Women-only unions in Japan and Korea: The impact of gender specific organising

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Broadbent, Kaye
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Erling Rasmussen

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2007
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Auckland, NZ

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In the 1990s women-only unions re-emerged in Japan and Korea. These unions unlike the mainstream mixed unions in both countries, organise the growing non full-time workforce and women employed in small non-unionised workplaces, both across enterprises and employment status boundaries. By examining several women-only unions in Japan and Korea this paper examines gender-specific union organising and its impact on women workers and the union movement. The paper argues the creation of women-only unions has been an important strategy for women workers in both countries because they address issues around women workers' employment conditions which mainstream unions have either overlooked or have been unable to overcome. They also create a valuable experience of unions and a connection with the working class movement for women workers who have not had this experience. Their success however, has differed. While the gains of Japan's women-only unions are limited, Korea's women-only unions have been much more successful in mobilising women workers and overcoming sexism in the union movement. Their success is due to the availability of broader organisational assistance and expertise, the existence of a substantial progressive union federation and combined campaigns with the broader mixed union movement.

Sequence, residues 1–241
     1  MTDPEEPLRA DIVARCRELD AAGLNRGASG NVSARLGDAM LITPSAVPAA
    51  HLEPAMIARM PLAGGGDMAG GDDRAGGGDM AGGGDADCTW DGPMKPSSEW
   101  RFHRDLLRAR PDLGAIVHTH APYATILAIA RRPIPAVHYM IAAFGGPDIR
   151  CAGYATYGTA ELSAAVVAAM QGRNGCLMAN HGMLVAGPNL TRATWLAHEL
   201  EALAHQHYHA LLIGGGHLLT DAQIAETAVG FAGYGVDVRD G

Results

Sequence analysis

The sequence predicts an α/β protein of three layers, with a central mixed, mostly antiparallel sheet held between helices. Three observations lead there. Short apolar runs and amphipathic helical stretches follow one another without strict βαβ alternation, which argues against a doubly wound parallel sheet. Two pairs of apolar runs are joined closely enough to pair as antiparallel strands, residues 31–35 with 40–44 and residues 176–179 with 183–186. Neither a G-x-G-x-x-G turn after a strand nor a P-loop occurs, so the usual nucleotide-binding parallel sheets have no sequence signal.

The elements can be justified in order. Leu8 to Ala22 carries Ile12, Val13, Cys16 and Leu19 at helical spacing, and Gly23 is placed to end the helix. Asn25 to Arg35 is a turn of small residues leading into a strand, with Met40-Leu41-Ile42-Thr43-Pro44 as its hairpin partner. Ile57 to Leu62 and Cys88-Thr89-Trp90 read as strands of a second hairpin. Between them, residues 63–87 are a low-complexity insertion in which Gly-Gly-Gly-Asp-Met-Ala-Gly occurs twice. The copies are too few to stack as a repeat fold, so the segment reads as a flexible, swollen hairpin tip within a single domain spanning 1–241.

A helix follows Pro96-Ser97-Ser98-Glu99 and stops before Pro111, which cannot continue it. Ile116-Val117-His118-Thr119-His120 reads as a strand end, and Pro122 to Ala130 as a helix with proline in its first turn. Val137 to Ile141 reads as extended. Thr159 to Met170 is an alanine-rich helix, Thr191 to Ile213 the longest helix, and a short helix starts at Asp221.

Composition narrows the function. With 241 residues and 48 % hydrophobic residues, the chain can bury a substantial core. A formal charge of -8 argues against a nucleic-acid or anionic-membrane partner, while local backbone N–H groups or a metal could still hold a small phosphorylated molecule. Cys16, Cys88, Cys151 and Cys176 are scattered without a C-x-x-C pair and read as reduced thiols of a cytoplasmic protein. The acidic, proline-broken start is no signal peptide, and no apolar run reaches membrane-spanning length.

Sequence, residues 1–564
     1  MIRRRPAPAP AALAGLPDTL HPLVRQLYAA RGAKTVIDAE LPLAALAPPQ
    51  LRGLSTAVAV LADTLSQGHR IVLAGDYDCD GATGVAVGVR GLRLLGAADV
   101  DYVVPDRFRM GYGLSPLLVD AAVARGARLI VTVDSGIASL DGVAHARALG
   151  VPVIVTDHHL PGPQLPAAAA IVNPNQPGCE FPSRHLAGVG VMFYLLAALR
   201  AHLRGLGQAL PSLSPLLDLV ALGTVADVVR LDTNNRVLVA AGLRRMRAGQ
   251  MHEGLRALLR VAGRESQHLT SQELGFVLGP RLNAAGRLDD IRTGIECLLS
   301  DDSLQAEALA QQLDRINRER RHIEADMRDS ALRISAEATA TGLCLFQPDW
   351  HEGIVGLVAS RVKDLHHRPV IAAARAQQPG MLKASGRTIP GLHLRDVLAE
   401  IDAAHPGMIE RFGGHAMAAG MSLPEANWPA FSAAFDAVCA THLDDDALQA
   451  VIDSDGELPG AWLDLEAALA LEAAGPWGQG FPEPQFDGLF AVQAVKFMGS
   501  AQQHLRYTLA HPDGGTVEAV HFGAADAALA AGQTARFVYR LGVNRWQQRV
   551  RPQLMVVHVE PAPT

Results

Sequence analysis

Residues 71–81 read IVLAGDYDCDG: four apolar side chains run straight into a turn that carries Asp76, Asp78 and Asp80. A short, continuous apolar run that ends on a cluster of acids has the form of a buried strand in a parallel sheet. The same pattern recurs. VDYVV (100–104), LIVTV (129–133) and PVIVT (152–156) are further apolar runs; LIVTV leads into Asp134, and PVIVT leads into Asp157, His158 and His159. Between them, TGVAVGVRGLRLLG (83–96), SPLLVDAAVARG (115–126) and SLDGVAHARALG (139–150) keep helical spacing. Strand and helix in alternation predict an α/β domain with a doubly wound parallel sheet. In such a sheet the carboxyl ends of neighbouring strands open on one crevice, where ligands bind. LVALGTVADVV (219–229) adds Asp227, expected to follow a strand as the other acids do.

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Diverging Employment Relations Patterns in Australia and New Zealand

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© 2007 AIRAANZ. The attached file is posted here in accordance with the copyright policy of the publisher, for your personal use only. No further distribution permitted. Use hypertext link for access to publisher's website.

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